In networking, there’s nothing like a Dame
Business consultant Ashley Quinto Powell wasn’t looking to add anything else to her plate, but when she heard of a powerhouse women’s group called The Dames, she had to at least explore whether her appetite for networking was fully satisfied.
After a little research and a trip to Denver to meet the founder, she decided to add another helping, and nothing about her experience as the head of the Madison and Chicago chapters of the Dames has caused her any indigestion. Even COVID-19, which has confined networkers to virtual meetings, has been an appetizing excuse to build the local group after its initial, face-to-face gathering in February.
Not to be confused with the Brauds, another group comprised of influential businesswomen, the Dames represent a real power play. Members must own or lead a rapidly growing six or seven-figure business or nonprofit and have a C-level, VP-level, or director-level title, especially if their ultimate ambition is to get their business to the million-dollar mark and beyond.
With programming variety that includes comedy nights, next-level growth sessions, virtual happy hours to fight that lonely-at-the-top feeling, and a digital learning library that provides access to high-level business guidance, the Dames are more of an exclusive group. They share their struggles and their triumphs but mostly they share the conviction that successful business leadership doesn’t have to be applied in a constant pressure cooker.
“The idea is that it’s very lonely at the top, and it’s supposed to be fun,” states Quinto Powell, who owns her own revenue-generation consultancy, Ashley Powell Consulting.
The group boasts chapters in Denver, where it all began with founder Meghann Conter, plus Northern Colorado, Orange County, California, Phoenix-Scottsdale, Arizona, and, thanks to Quinto Powell, Madison and Chicago. Fortunately, the national Dames had gone digital long before COVID-19 rendered face-to-face networking impractical. Online events occur on a weekly basis and virtual memberships are available to any qualified businesswoman that lives more than 75 miles away from a local chapter. So, after an initial get-together in February at the Madison Club, the local chapter continued to meet by leveraging video conferencing tools (Zoom being the Dames’ tool of choice).
Quinto Powell, who formerly worked as business development manager at Bendyworks in Madison, heard about the Dames in Chicago, where she has personal and professional ties, when an acquaintance told her that she “had to talk to this woman in Denver.” She must have made quite an impression because that woman, Conter, told Ashley that she’d be an ideal person to open both a Chicago and a Madison chapter of the Dames.
The Dames’ first Madison event in February, just before COVID-19 became a pandemic, was attended by 80 women, and is considered the biggest launch in the group’s history. It has been sustained virtually with plans for a resumption of in-person gatherings once it’s deemed safe to do so.
The initial event was sponsored by Thrivent Financial and the group is working with the Madison Club and UnityPoint Health’s Meriter Foundation to provide child care, at no cost to members, at future in-person events. In the meantime, the local Dames have been taking advantage of the national group’s virtual meetings that provide access to training and networking, including a virtual event for all chapters.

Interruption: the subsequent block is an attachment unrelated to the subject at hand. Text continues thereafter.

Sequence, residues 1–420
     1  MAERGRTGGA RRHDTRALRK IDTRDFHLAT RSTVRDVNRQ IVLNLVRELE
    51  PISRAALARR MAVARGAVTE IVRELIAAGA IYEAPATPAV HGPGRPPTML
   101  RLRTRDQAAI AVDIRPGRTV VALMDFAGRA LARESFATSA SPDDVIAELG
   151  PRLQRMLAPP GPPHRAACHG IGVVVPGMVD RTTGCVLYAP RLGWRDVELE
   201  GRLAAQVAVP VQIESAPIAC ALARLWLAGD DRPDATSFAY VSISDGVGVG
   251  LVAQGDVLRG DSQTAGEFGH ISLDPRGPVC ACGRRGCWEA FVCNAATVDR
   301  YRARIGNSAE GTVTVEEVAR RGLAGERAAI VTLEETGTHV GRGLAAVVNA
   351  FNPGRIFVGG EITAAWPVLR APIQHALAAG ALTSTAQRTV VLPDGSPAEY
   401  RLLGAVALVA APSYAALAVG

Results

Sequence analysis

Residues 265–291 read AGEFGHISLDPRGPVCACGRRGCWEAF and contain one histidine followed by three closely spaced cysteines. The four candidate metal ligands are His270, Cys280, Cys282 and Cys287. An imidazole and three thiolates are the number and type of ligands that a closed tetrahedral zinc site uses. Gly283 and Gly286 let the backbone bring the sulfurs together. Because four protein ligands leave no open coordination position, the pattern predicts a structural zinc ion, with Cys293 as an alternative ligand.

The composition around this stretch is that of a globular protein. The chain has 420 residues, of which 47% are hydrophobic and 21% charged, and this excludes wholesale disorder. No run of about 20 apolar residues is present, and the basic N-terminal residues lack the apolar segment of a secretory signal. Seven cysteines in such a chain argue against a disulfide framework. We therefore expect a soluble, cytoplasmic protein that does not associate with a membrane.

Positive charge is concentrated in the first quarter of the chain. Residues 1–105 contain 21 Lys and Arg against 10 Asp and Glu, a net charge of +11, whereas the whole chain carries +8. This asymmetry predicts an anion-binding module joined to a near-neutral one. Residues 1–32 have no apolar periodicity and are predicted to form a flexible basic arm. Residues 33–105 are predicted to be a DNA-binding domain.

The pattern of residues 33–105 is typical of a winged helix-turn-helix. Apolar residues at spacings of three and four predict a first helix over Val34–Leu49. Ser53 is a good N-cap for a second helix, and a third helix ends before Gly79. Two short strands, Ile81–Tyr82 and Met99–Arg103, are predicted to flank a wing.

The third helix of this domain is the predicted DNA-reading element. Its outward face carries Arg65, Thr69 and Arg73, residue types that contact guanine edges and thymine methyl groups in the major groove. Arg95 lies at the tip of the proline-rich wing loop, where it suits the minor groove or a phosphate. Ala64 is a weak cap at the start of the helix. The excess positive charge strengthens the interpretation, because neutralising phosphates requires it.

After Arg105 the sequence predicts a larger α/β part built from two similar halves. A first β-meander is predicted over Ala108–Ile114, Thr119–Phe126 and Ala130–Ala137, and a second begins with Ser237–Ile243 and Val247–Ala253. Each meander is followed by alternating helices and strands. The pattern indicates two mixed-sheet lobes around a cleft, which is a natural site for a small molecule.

So far, the Madison chapter has grown to about 20 members, and virtual tools have prevented a stilted beginning. “The big advantage to having been forced to do virtual events is that we get to be really creative in how we replicate the opportunities to network in person,” Quinto Powell explains. “Of course, if you hop on a Zoom, it’s much, much different and even more different if you have hundreds of people because instead of hopping on a Zoom, you’re really hopping on a Zoom webinar. To the credit of the national chapter, they have really done some creative things, including experiments like hooking up Facebook groups for networking.”
Some of the Madison Dames have been recruited from the local Bossy Moms Group — so called because Boss Moms was already taken and trademarked. Bossy is a 600-strong, entrepreneurial networking group of businesswomen who are trying to forge their careers while raising children. Quinto Powell founded Bossy, which is comprised of Madison-area residents. “Girls are often told that they are bossy instead of leaders,” she explains, “and so I wanted to reclaim that.”
Before launching the Madison chapter of the Dames, Quinto Powell paid a courtesy call to Madison businesswoman Joanna Burish, who founded the Brauds. No real Dame wants to step on anyone’s networking shoes, and Quinto Powell was ecstatic when Burish signaled her support.
“I reached out to Joanna because the Dames have a name that’s similar to the Brauds and told her that if I could change it, I would,” Quinto Powell says. “I explained how we really weren’t the same kind of organization. The Brauds are a mastermind group and it’s meant to have selected, very deep friendships, while the Dames are a networking organization. It’s less about deep friendships than getting to know other people at your level.”
As it turned out, Burish was more than OK with that and now counts herself as a member of both the Brauds and the Dames. Burish, who has used virtual tools to expand the Brauds network nationally, recalls her amusement when she first heard about a group calling itself the Dames, but she doesn’t view the Dames as competition. “They are synergistic with the Brauds,” she says. “Our mission is more mastermind — deep dives — so we’re not going to grow at their rate. It’s a different kind of a brand.”
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